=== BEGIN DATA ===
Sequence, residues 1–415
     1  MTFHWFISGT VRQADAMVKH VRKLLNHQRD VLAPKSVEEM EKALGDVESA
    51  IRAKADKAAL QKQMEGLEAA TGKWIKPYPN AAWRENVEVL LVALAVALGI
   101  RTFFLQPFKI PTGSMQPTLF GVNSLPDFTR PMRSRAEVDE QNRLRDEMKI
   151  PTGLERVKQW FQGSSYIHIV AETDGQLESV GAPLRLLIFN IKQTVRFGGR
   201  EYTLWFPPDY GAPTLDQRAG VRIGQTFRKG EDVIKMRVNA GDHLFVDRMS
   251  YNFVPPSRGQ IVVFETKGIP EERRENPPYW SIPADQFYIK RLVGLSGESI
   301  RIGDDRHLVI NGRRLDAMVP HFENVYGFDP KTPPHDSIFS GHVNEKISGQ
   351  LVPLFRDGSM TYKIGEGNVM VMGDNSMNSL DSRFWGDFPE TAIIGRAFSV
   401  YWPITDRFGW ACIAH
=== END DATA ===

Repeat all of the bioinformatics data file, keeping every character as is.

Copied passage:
Sequence, residues 1–415
     1  MTFHWFISGT VRQADAMVKH VRKLLNHQRD VLAPKSVEEM EKALGDVESA
    51  IRAKADKAAL QKQMEGLEAA TGKWIKPYPN AAWRENVEVL LVALAVALGI
   101  RTFFLQPFKI PTGSMQPTLF GVNSLPDFTR PMRSRAEVDE QNRLRDEMKI
   151  PTGLERVKQW FQGSSYIHIV AETDGQLESV GAPLRLLIFN IKQTVRFGGR
   201  EYTLWFPPDY GAPTLDQRAG VRIGQTFRKG EDVIKMRVNA GDHLFVDRMS
   251  YNFVPPSRGQ IVVFETKGIP EERRENPPYW SIPADQFYIK RLVGLSGESI
   301  RIGDDRHLVI NGRRLDAMVP HFENVYGFDP KTPPHDSIFS GHVNEKISGQ
   351  LVPLFRDGSM TYKIGEGNVM VMGDNSMNSL DSRFWGDFPE TAIIGRAFSV
   401  YWPITDRFGW ACIAH